BDSM has been around for centuries before Queen Victoria was born, but no examination of Victorian kink would be complete without at least mentioning the “British taste.” It wasn’t that Victorians were the first to write about or practice all forms of sexual sado/masochism; it was just that they took to it so enthusiastically and brought their own particular flair to it. Today’s BDSM scene has been shaped by these Victorian influences far more than it had been by the Marquis DeSade and Leopold Sacher-Masoch (who gave us the terms sadism and masochism). Elaborate dungeons, leather catsuits, naughty school girls, birch canes, pony-play, boot worship, and so on can be found in hundreds of photographs, films, and books of the Victorians. Theresa Berkley was one famous Victorian dominatrix who not only invented the Berkley Horse, a device for flagellation which can be found in any modern well-stocked dungeon, but ran a twenty-four hour dungeon that could satisfy up to a fifty patrons at a time. She, like many others, became minor celebrities in England, France, and to a lesser degree in America. The first manuals on bondage and whip types were produced in the 19th century to facilitate the BDSM underground.
The history of Victorian sexuality is filled with controversy because of its very nature, and there are dozens of books published every year on the topic. It seems as much as our Victorian great-grandparents shied away from talking about “the deed,” we can’t get enough of poking around their boudoirs. The truth is, when the gaslights were lowered, no one really knows exactly what went on in the brothels and the bedrooms and under all of those yards of lace. Our only sources are the memoirs of perverts, the letters of passions between lovers, staged pornographic photos and films, and volumes of pornographic tales. All we can know for sure is that they loved love-making in all of its forms – even if they didn’t like to talk about it in front of company.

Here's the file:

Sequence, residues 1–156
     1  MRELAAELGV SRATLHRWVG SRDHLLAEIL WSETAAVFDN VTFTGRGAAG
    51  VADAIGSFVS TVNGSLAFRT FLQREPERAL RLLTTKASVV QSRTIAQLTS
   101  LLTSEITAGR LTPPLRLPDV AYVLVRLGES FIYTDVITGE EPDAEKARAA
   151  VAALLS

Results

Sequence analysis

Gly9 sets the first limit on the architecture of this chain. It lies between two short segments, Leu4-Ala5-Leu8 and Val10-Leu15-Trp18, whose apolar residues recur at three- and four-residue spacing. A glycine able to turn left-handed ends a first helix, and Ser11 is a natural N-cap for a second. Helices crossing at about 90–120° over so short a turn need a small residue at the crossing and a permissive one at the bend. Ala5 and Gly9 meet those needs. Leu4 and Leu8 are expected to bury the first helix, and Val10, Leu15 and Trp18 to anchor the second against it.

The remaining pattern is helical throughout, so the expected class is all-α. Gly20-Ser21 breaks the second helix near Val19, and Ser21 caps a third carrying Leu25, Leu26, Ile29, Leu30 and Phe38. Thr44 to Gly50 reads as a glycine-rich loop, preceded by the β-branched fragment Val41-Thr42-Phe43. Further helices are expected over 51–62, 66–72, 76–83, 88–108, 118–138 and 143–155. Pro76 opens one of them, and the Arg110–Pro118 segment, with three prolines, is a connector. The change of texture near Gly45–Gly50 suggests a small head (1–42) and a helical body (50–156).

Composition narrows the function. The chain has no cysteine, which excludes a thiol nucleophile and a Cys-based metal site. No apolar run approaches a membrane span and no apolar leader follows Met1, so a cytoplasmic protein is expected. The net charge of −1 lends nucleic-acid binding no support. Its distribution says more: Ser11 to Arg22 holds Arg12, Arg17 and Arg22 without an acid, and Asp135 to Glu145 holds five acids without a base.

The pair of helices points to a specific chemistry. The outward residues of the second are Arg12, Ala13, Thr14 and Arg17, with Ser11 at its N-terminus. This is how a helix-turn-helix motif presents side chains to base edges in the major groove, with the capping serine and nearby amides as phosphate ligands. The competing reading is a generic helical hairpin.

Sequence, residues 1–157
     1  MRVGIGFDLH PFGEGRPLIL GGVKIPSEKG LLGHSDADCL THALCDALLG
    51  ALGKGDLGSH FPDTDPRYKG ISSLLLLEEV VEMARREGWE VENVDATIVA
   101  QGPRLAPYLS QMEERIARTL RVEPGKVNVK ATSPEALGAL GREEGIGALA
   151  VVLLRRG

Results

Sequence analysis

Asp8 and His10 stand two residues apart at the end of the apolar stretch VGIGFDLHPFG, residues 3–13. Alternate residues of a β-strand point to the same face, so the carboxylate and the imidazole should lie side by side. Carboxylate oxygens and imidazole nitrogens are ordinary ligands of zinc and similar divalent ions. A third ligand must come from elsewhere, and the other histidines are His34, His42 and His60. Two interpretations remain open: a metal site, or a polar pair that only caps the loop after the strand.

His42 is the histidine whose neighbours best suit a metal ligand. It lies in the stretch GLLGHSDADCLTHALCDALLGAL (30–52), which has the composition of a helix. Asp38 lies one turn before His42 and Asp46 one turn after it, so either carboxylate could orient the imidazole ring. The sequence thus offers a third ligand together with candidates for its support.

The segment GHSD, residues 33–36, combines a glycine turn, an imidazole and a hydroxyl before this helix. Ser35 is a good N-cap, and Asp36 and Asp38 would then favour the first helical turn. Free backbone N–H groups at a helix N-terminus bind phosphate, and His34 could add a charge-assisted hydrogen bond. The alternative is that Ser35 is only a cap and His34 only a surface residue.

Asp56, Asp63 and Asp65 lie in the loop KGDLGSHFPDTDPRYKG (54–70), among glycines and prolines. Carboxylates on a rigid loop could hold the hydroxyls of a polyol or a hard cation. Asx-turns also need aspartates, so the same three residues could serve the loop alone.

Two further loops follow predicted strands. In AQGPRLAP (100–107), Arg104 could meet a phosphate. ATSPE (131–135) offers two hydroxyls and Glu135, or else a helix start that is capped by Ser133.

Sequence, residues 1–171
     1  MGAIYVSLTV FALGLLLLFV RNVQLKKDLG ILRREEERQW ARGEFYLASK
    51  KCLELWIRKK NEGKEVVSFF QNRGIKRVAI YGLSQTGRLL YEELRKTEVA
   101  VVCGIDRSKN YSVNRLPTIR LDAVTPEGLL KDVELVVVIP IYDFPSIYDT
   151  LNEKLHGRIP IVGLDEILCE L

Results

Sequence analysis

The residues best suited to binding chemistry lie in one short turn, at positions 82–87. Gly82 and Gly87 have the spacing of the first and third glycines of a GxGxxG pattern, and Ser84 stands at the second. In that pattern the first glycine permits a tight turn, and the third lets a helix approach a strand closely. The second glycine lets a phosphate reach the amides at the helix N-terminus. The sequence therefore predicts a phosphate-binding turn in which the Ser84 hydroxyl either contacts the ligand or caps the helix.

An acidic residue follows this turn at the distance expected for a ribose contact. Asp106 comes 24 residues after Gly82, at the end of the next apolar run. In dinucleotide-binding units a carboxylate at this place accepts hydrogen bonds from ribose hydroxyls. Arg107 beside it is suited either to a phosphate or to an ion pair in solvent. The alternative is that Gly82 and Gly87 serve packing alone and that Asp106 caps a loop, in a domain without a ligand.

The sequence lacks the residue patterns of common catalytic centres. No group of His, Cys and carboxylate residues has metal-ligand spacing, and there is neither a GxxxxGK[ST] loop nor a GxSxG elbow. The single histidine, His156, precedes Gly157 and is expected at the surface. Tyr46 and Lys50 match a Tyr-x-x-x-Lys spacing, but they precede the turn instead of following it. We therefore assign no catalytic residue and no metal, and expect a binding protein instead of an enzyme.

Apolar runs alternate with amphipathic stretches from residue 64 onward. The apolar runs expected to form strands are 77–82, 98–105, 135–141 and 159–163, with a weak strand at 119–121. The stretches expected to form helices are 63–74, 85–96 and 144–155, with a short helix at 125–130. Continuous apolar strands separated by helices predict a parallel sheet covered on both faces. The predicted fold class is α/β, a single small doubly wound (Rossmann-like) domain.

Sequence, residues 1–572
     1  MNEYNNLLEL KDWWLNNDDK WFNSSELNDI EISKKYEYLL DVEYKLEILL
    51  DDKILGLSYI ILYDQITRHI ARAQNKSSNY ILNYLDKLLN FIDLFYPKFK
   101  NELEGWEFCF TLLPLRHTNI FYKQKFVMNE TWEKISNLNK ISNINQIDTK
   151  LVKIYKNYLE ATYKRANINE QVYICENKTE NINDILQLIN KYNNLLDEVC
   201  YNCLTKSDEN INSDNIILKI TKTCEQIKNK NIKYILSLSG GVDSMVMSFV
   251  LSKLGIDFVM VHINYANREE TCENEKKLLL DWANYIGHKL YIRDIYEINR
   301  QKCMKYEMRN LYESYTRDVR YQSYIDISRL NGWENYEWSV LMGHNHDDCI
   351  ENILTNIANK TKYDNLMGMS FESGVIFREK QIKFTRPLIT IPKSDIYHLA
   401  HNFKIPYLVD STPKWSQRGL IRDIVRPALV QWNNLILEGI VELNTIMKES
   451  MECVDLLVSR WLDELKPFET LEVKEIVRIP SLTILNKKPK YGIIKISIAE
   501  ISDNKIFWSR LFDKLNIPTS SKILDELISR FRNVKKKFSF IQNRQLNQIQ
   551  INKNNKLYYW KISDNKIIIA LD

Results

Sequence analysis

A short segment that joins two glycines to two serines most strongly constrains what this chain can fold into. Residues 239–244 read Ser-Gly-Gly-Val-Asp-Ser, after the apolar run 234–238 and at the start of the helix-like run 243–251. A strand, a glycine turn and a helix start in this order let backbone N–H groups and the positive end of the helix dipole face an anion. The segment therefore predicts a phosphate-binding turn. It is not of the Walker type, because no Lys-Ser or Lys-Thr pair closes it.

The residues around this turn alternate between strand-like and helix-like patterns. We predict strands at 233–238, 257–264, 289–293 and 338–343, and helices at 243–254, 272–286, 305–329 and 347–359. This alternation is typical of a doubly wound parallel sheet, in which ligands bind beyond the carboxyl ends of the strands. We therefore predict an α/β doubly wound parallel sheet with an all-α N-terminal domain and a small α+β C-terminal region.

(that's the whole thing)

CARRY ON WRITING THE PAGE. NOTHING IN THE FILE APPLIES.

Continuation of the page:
Some sources to get you started:
- Levins, Hoag. American Sex Machines: The Hidden History of Sex at the U.S. Patent Office (Massachusetts: Adams Media Corporation, 1996).
- Maines, Rachel P.: The Technology of Orgasm, “Hysteria,” the Vibrator, and Women’s Sexual Satisfaction (Baltimore and London: The Johns Hopkins University Press, 1999).
- Ian Gibson. The Erotomaniac. The Secret Life of Henry Spencer. (Ashbee, London: Faber and Faber, 2001).
- Stephen Marcus. The Other Victorians: A Study of Sexuality and Pornography in Mid-Nineteenth Century England. (New York: Basic Books, 1966).
- Ronald Pearsall. The Worm in the Bud: The World of Victorian Sexuality. (London: Weidenfeld and Nicolson, 1969).
- Lewis, Robert M. From Traveling Show To Vaudeville Theatrical Spectacle In America, 1830-1910. (The Johns Hopkins University Press)
Professor Calamity is a Queens-based researcher, activist, and bunco artist who works with Combustion Books, is one of the authors of Catastrophone Orchestra, and speaks regularly about the Victorian underworld.
Margaret Killjoy is a nomadic author, editor, anarchist, and activist. He is the founder and current editor of SteamPunk Magazine as well as the author of A Steampunk’s Guide to the Apocalypse, the interactive fiction book What Lies Beneath the Clock Tower, and is a co-editor of We Are Many. He blogs at Birds Before the Storm.